Do simple momentum trading strategies applied to major U.S. stock market sectors outperform reasonable benchmarks? To investigate, we apply three simple momentum strategies to the nine sector exchange-traded funds (ETF) defined by the Select Sector Standard & Poor’s Depository Receipts (SPDR):

Materials Select Sector SPDR (XLB)
Energy Select Sector SPDR (XLE)
Financial Select Sector SPDR (XLF)
Industrial Select Sector SPDR (XLI)
Technology Select Sector SPDR (XLK)
Consumer Staples Select Sector SPDR (XLP)
Utilities Select Sector SPDR (XLU)
Health Care Select Sector SPDR (XLV)
Consumer Discretionary Select SPDR (XLY)

The three strategies are: (1) allocate all funds at the end of each month to the sector ETF with the highest total return over the past six months (6-1); (2) allocate all funds at the end of each month to the sector ETF with the highest total return over the six months ending the prior month (6-1;1), hypothesizing that the skip-month avoids short-term reversals; and, (3) more cautiously, allocate all funds at the end of each month either to the sector ETF with the highest total return over the past six months or to cash depending on whether the S&P 500 Index is above or below its 10-month simple moving average (6-1;SMA10). A six-month ranking period is intuitively large enough to gauge sector momentum but small enough to react to changes in business conditions that might favor one sector over others. Using monthly dividend-adjusted closing prices for the sector ETFs, the S&P 500 index, 3-month Treasury bills (T-bills) and S&P Depository Receipts (SPY) over the period December 1998 through December 2015 (205 months), we find that: Keep Reading

Combining SMA Crash Protection and Momentum in Asset Allocation

Does asset allocation based on both trend following via a simple moving average (SMA) and return momentum work well? In the July 2015 update of their paper entitled “The Trend is Our Friend: Risk Parity, Momentum and Trend Following in Global Asset Allocation”, Andrew Clare, James Seaton, Peter Smith and Stephen Thomas examine the effectiveness of trend following based on SMAs and momentum screens in forming portfolios across and within asset classes. They consider five asset classes: developed equity markets (24 component country indexes); emerging equity markets (16 component country indexes); bonds (19 component country indexes); commodities (23 component commodity indexes); and, real estate (13 country REIT indexes). They compare equal weight and risk parity (proportional to inverse 12-month volatility) strategic allocations. They define trend following as buying (selling) an asset when its price moves above (below) a moving average of 6, 8, 10 or 12 months. They consider both simple momentum (12-month lagged total return) and volatility-adjusted momentum (dividing by standard deviation of monthly returns over the same 12 months) for momentum screens. They ignore trading frictions, exclude shorting and assume monthly trend/momentum calculations and associated trade executions are coincident. Using monthly total returns in U.S. dollars for the five broad value-weighted asset class indexes and for the 95 components of these indexes during January 1993 through March 2015, along with contemporaneous 3-month Treasury bill yields as the return on cash, they find that: Keep Reading

Trend Factor and Future Stock Returns

Does the information in short, intermediate and long stock price trends combined by relating multiple simple moving averages (SMA) to future returns usefully predict stock returns? In the September 2015 update of their paper entitled “A Trend Factor: Any Economic Gains from Using Information over Investment Horizons?”, Yufeng Han and Guofu Zhou examine a trend factor that simultaneously captures short, intermediate and long stock price trends. Specifically, at the end of each month for each sampled stock, they:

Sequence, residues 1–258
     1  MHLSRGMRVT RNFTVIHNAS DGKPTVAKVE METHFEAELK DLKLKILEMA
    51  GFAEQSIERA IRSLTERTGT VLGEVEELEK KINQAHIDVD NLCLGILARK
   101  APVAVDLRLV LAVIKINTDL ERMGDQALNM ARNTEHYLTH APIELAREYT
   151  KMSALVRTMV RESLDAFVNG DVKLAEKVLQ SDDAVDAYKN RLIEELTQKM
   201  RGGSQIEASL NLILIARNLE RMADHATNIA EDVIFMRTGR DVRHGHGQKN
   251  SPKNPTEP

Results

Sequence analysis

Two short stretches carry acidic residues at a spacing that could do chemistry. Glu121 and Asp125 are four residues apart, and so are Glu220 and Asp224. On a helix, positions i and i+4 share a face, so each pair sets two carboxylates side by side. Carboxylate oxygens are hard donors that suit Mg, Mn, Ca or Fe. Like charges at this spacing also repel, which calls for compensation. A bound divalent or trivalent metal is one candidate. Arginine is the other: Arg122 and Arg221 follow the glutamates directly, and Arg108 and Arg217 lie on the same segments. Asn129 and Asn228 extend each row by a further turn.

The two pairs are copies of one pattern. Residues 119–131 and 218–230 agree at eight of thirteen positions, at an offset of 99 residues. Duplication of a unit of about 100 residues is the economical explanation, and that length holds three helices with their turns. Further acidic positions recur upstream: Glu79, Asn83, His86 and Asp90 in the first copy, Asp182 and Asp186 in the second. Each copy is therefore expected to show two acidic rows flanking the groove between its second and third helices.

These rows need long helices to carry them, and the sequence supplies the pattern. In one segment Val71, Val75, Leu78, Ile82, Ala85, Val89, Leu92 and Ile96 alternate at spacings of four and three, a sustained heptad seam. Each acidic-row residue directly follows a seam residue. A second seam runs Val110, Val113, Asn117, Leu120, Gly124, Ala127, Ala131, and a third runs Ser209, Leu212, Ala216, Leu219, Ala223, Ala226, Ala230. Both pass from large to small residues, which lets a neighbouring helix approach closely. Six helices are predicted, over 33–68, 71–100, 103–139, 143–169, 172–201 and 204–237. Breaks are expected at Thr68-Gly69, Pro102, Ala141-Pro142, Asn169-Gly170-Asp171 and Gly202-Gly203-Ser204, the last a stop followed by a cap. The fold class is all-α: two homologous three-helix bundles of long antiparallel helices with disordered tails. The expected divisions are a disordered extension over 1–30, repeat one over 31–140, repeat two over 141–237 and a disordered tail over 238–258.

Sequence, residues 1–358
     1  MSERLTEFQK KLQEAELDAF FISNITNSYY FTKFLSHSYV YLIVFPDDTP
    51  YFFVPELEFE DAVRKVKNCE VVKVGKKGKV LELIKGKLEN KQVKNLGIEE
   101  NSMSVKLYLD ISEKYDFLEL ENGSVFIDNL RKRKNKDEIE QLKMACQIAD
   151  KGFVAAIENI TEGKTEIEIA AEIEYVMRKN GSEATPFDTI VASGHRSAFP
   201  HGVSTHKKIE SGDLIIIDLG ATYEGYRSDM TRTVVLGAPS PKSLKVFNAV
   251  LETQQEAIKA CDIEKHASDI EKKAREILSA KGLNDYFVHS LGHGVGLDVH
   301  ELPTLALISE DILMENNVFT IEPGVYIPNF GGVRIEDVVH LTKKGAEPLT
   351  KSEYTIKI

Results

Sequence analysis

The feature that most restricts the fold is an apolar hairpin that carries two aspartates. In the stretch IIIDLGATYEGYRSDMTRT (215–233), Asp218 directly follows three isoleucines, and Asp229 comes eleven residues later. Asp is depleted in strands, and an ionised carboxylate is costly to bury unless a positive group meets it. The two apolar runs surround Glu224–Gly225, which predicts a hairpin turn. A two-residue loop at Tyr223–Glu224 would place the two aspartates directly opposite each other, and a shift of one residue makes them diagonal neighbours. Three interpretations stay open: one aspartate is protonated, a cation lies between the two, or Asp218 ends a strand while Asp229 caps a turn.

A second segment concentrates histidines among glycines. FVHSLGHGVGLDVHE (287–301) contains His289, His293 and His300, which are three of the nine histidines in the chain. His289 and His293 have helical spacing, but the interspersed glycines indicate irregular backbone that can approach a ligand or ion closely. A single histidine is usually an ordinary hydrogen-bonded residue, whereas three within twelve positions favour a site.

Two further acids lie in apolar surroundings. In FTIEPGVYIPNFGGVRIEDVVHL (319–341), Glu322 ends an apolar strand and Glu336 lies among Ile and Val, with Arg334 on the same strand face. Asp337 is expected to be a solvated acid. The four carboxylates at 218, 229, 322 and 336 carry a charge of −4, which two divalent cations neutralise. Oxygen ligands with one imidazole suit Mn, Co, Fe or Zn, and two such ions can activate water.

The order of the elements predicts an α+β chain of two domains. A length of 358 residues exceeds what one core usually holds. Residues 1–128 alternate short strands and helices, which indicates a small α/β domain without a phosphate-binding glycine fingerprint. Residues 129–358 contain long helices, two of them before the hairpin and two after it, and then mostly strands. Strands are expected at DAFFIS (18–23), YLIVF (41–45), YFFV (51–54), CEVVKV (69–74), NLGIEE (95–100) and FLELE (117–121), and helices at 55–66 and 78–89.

1. Calculate SMAs over the past 3, 5, 10, 20, 50, 100, 200, 400, 600, 800 and 1,000 trading days.
  2. Normalize SMAs by dividing by the final close.
  3. Regress monthly SMAs against next-month stock returns to estimate historical linear coefficients for all SMAs.
  4. Predict the return for the stock next month based on average SMA coefficients for the past 12 months applied to the most recent set of SMAs.

They define the trend factor as the average monthly gross return for a portfolio that is each month long (short) the equally weighted fifth (quintile) of stocks with the highest (lowest) expected returns. Using daily prices and associated stock/firm characteristics for a broad sample of U.S. common stocks during January 1926 through December 2014, they find that: Keep Reading

SACEMS-SACEVS Mutual Diversification

Are the “Simple Asset Class ETF Value Strategy” (SACEVS) and the “Simple Asset Class ETF Momentum Strategy” (SACEMS) mutually diversifying. To check, we relate monthly returns for the SACEVS and the SACEMS exchange-traded fund (ETF) selections and look at the performance of an equally weighted portfolio of the two strategies, rebalanced monthly (50-50). Specifically, we consider: SACEVS Best Value paired with SACEMS Top 1; and, SACEVS Weighted paired with SACEMS Equally Weighted (EW) Top 3. Using monthly gross returns for SACEVS Best Value and SACEMS Top 1 since January 2003 and for SACEVS Weighted and SACEMS EW Top 3 since August 2006, all through November 2015, we find that: Keep Reading

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Current Momentum Winners

ETF Momentum Signal
for February 2016 (Final)

Winner ETF

Second Place ETF

Third Place ETF

Gross Compound Annual Growth Rates
(Since August 2006)
Top 1 ETF Top 2 ETFs
11.5% 11.9%
Top 3 ETFs SPY
12.4% 6.5%
Strategy Overview
Current Value Allocations

ETF Value Signal
for February 2016 (Final)

Cash

IEF

LQD

SPY

The asset with the highest allocation is the holding of the Best Value strategy.
Gross Compound Annual Growth Rates
(Since September 2002)
Best Value Weighted 60-40
12.4% 9.4% 7.6%
Strategy Overview